Seventeen sites remain in the running to host a Canadian high-level waste repository, according to the country's Nuclear Waste Management Organization (NWMO).
NWMO announced in November that it has completed the first phase of preliminary assessment in collaboration with eight of the 21 communities that expressed interest in hosting a deep geological repository and centre of expertise.
The communities of English River First Nation and Pinehouse in Saskatchewan, and Ear Falls and Wawa in Ontario, were not selected for more detailed study.
The remaining four communities: Creighton in Saskatchewan, and Ignace, Hornepayne and Schreiber in Ontario, were assessed as having "strong potential" to meet site selection requirements and have been identified for further study, NWMO said.
Thirteen other communities involved in the earlier stages of the site selection process also remain in the running.
In 2014, NWMO said it expects to complete phase 1 assessments for an additional 12 communities in Ontario: Arran-Elderslie, Blind River, Brockton, Elliot Lake, Huron-Kinloss, Manitouwadge, Nipigon, The North Shore, Saugeen Shores, South Bruce, Spanish and White River.
The second phase of preliminary studies will also begin in 2014. These will take place over a period of three to four years with a smaller number of communities that have "strong potential" to host the project. Work will include: preliminary geoscientific and environment investigations; preliminary safety assessments; more detailed social, economic and cultural studies; awareness building and a broadening of engagement to involve surrounding communities.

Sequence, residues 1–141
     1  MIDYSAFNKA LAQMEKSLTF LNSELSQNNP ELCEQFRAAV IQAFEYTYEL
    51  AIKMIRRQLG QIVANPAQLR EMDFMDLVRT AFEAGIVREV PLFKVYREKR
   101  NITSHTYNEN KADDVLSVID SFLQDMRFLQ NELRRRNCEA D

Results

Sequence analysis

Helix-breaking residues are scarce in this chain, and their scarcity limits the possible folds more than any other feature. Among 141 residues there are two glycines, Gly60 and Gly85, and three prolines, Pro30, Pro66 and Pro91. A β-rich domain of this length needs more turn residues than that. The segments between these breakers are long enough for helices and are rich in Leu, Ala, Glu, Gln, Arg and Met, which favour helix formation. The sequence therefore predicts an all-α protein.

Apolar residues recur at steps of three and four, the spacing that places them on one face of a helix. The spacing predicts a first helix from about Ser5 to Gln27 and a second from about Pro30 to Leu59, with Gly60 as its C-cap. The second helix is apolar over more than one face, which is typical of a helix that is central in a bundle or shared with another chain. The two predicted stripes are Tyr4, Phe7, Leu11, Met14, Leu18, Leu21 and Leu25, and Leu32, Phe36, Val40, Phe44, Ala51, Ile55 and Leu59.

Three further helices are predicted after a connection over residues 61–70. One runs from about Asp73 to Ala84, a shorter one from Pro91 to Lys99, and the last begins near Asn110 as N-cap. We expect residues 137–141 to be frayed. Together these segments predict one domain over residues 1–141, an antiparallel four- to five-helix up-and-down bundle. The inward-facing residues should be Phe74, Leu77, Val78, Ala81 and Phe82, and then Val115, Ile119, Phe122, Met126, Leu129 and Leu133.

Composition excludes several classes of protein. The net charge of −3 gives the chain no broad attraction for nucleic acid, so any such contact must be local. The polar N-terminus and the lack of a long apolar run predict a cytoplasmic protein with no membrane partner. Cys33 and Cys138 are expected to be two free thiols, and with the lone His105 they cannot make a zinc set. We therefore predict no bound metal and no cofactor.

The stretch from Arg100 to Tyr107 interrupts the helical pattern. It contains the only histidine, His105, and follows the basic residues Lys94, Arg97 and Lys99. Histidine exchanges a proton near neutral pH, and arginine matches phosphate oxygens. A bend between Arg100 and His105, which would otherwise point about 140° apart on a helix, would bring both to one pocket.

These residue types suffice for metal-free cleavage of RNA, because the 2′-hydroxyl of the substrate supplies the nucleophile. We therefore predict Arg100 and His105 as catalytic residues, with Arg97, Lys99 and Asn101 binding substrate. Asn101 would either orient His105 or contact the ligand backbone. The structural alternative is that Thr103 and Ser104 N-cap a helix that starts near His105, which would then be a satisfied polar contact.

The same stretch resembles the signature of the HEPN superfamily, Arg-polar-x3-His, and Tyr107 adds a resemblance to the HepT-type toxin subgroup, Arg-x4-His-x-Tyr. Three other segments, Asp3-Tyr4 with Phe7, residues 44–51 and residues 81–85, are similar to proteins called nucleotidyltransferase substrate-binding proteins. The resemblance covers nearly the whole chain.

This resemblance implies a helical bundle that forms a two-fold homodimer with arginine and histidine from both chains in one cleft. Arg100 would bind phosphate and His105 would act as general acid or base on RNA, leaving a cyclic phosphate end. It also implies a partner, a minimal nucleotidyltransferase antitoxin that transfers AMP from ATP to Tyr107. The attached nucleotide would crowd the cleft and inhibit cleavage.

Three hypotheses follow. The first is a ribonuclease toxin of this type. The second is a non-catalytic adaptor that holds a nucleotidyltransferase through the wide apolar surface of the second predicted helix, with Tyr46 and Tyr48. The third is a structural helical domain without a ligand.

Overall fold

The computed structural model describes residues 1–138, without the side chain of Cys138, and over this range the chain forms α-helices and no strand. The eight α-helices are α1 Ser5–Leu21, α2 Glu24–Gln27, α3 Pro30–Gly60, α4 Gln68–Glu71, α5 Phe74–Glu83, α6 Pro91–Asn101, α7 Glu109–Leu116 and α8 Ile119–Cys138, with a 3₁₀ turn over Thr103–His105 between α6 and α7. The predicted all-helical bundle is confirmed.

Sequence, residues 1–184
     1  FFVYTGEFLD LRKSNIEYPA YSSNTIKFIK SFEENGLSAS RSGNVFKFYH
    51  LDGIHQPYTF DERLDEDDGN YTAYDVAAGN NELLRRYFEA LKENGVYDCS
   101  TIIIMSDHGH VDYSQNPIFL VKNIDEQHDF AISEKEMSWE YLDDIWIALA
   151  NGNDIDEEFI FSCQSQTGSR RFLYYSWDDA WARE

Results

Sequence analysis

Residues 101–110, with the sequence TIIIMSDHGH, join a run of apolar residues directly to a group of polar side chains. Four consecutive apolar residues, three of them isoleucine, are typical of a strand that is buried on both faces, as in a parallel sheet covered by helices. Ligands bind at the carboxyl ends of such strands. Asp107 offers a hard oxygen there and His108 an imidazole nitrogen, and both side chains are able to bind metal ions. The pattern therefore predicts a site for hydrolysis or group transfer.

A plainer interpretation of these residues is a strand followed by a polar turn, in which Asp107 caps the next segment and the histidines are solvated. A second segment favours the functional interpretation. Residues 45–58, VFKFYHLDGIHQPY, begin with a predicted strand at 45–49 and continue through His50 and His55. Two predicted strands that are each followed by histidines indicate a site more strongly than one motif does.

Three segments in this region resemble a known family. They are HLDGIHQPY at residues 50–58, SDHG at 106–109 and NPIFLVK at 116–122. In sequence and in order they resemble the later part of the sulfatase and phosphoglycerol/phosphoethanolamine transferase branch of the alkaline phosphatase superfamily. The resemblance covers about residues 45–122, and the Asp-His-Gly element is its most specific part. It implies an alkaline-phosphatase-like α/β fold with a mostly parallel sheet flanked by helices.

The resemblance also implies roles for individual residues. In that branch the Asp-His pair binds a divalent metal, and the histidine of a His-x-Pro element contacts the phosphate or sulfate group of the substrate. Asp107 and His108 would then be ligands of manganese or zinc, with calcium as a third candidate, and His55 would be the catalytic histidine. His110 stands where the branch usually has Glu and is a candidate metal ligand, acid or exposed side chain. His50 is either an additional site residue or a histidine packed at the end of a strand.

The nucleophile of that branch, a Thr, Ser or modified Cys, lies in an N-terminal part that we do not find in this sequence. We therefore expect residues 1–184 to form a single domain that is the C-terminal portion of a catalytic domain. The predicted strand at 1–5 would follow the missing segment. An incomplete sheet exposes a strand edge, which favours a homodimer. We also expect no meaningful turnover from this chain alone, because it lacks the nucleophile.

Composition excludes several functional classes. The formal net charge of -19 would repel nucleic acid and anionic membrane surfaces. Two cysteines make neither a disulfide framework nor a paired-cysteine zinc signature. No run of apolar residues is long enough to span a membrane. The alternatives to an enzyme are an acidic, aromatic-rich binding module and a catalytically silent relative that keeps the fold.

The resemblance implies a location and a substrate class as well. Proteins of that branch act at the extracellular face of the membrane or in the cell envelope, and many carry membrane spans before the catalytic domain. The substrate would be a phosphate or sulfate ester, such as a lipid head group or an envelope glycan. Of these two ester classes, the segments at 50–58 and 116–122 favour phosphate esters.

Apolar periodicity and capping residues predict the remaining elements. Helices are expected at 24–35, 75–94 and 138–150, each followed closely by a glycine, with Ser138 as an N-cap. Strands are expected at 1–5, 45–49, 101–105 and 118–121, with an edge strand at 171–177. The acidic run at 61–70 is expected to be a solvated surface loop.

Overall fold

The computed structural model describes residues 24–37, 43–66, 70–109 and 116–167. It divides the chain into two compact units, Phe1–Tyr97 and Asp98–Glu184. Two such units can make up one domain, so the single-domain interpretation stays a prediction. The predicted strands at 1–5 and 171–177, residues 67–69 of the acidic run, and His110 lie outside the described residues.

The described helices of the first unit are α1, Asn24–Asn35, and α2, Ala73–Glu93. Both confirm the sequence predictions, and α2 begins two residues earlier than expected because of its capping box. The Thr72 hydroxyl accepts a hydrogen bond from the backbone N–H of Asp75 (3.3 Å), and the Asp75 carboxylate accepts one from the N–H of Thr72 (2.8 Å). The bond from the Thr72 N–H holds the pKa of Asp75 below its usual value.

The process for selecting a site for the long-term management of Canada's used nuclear fuel, known as Adaptive Phased Management, was initiated in May 2010. In September 2012, after prior notification, NWMO suspended the 'expressions of interest phase' of the site selections process. Preliminary assessments are the third of nine steps in the multi-year process, NWMO said.
By the end of the second phase of preliminary assessment, circa 2018, one or possibly two communities with strong potential to meet requirements to host the facility will be the focus of detailed site characterization (step 4). This step "may require an additional three to five years or more to complete," NWMO said.
Negotiations will then follow with potential host communities as to whether they are willing to proceed, and the proposed terms of the project (step 5). NWMO will select the preferred site, and ratify an agreement with the host community (step 6). Licensing (step 7) will be followed by construction of an underground demonstration facility (step 8) and then construction and operation of the repository (step 9), subject to licensing.
NWMO envisages a repository capacity of 3.6 million fuel bundles, an in-service date of 2035 and closure in 2160. To date Canadian nuclear power plants have produced "just over 2 million used fuel bundles," NWMO said.
Photo: Dry used nuclear fuel storage facility at OPG's Western Waste Management Facility (Source: NWMO)